Human beings attempt to mask problems with behaviors that are essentially the tape and glue of our external Self, forgetting that the core of any problem is rooted much deeper than one may be consciously aware. Moreover, the root of the problem that people try so hard to mask sits within the body, patiently waiting to be pulled up and taken away in the wind–releasing any form of attachment to the Self. It is challenging to dig into these root causes, cultivating a new awareness of one’s body. It is particularly difficult for individuals who are already in a harmful relationship with their bodies, specifically individuals identified with eating disorders.
In a recent article entitled “Engaging the Embodied Self in Dance/Movement Therapy,” board certified dance/movement therapist Stacey McGinn Hurst discusses the essential ideal that an individual must identify the root cause of their problem in order to mend the disconnect between the mind, body and spirit. Hurst describes theses disconnects as “blockades and barriers,” enabling an individual with an eating disorder to compartmentalize their emotions and implement negative behavior(s) including food restriction. Hurst states that by inviting dance/movement therapy – “the psychotherapeutic use of movement to further the emotional, cognitive, physical and social integration of the individual” – into the client’s therapeutic space, “the client begins to recover long forgotten and disowned aspects of the Self, leading to less animosity between the Self and the eating disorder, and to a greater sense of integration.”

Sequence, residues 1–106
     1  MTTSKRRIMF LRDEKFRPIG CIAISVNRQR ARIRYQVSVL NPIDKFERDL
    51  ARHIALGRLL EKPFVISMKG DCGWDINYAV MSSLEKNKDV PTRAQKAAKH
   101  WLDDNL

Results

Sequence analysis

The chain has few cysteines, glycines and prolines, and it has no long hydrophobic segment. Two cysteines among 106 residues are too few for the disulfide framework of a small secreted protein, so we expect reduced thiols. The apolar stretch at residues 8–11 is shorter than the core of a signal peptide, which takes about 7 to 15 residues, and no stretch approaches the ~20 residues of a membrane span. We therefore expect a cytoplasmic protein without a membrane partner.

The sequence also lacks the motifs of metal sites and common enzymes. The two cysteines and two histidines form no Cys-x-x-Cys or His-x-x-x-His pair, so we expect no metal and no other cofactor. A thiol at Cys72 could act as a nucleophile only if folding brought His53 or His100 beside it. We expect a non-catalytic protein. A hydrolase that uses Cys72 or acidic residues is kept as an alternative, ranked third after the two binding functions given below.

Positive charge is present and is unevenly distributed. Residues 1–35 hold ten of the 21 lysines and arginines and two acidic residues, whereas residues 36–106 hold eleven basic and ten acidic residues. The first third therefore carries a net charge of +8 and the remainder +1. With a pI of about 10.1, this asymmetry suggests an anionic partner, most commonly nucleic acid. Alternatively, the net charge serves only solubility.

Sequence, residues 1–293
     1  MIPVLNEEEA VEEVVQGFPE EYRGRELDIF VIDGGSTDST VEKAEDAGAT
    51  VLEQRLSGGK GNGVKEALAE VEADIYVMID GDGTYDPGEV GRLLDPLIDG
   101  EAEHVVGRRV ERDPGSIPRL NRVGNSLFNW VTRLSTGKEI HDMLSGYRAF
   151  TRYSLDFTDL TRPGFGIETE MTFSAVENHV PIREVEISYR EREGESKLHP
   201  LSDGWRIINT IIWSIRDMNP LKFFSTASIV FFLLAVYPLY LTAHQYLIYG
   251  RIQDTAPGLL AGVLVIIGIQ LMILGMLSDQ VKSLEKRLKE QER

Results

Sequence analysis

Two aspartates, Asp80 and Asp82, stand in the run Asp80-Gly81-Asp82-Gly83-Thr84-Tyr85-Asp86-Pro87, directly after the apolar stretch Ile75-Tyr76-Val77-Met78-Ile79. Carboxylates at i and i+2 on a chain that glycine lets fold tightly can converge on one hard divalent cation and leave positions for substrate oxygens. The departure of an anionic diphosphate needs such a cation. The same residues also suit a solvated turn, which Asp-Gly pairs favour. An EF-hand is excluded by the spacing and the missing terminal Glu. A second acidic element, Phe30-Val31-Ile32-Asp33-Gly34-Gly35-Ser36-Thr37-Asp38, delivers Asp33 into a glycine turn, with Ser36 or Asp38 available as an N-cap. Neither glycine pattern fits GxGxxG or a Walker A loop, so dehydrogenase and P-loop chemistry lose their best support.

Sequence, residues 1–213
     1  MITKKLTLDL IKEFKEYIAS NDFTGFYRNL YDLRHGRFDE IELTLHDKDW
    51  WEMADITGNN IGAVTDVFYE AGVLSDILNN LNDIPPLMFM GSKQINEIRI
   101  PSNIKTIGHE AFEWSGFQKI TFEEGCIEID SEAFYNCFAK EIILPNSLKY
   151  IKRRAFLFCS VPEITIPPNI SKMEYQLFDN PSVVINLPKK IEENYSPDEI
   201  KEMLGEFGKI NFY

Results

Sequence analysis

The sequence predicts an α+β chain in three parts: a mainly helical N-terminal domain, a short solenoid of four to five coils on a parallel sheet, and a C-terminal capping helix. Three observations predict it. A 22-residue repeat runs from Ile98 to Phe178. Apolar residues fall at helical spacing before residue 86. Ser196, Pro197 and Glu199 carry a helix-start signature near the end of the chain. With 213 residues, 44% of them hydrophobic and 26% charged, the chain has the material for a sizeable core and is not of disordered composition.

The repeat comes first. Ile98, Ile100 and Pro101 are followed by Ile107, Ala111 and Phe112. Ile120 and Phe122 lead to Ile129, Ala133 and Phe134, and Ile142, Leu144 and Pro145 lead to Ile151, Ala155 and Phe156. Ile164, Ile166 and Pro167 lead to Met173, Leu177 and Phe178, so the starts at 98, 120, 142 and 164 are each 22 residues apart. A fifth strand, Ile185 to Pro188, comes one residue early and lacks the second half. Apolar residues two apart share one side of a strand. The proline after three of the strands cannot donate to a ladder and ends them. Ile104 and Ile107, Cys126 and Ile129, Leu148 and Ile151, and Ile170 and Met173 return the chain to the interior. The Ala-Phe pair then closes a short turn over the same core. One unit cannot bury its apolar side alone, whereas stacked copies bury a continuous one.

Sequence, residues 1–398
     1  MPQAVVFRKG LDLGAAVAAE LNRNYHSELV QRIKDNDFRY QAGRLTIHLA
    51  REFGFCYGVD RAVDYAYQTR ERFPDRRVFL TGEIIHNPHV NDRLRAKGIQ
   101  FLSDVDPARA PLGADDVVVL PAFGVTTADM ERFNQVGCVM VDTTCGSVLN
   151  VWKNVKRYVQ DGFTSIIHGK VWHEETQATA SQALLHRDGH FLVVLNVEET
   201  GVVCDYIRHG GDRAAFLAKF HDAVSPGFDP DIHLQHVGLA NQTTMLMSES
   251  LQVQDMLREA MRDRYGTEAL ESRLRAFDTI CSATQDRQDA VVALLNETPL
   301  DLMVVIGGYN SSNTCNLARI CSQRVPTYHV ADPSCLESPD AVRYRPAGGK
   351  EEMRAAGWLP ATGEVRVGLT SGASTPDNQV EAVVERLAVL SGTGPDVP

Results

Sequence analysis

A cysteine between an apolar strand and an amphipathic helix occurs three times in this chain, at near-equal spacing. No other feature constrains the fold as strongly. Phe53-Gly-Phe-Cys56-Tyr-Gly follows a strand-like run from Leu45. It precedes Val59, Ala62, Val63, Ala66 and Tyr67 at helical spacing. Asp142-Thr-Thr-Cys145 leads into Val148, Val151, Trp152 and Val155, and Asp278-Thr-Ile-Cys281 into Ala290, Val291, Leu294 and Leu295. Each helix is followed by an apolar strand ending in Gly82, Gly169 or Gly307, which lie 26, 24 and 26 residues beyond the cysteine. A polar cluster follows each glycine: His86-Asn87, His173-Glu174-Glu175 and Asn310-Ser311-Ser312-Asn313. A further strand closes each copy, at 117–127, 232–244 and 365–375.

Within this therapeutic space, Hurst describes five fundamental steps in the dance/movement therapy process in which the client may begin to regain a positive relationship with his or her body. She describes these fundamentals as basic movement tasks, body orientation or awareness in space, breath work, grounding techniques and full body expression through dance. In dance/movement therapy, the client has the potential to become more available to listen to his or her body’s expression with compassion and begin to understand how to hold the space without cycling back to eating disordered behaviors. As the client’s therapeutic process progresses, they may begin to develop inner harmony within the mind-body-spirit relationship.
You can read Stacey Hurst’s article in its entirety on the Eating Disorders Resource Catalogue website as well as Susan Kleinman’s article, “The Body Speaks: Dance/Movement Therapy Creates Movement Toward Eating Disorder Recovery.”
Additional resources about eating disorders and dance/movement therapy:
- Dance/Movement Therapy and Eating Disorders: An ADTA Talk
- Show Me the Way to My Soul: Dance/Movement Therapy for Individuals with Eating Disorders
- Dance/Movement Therapy and National Eating Disorder Awareness
- National Weight Stigma Awareness Week
- National Eating Disorder Awareness website
- Informational Handout: Dance/Movement Therapy and Eating Disorders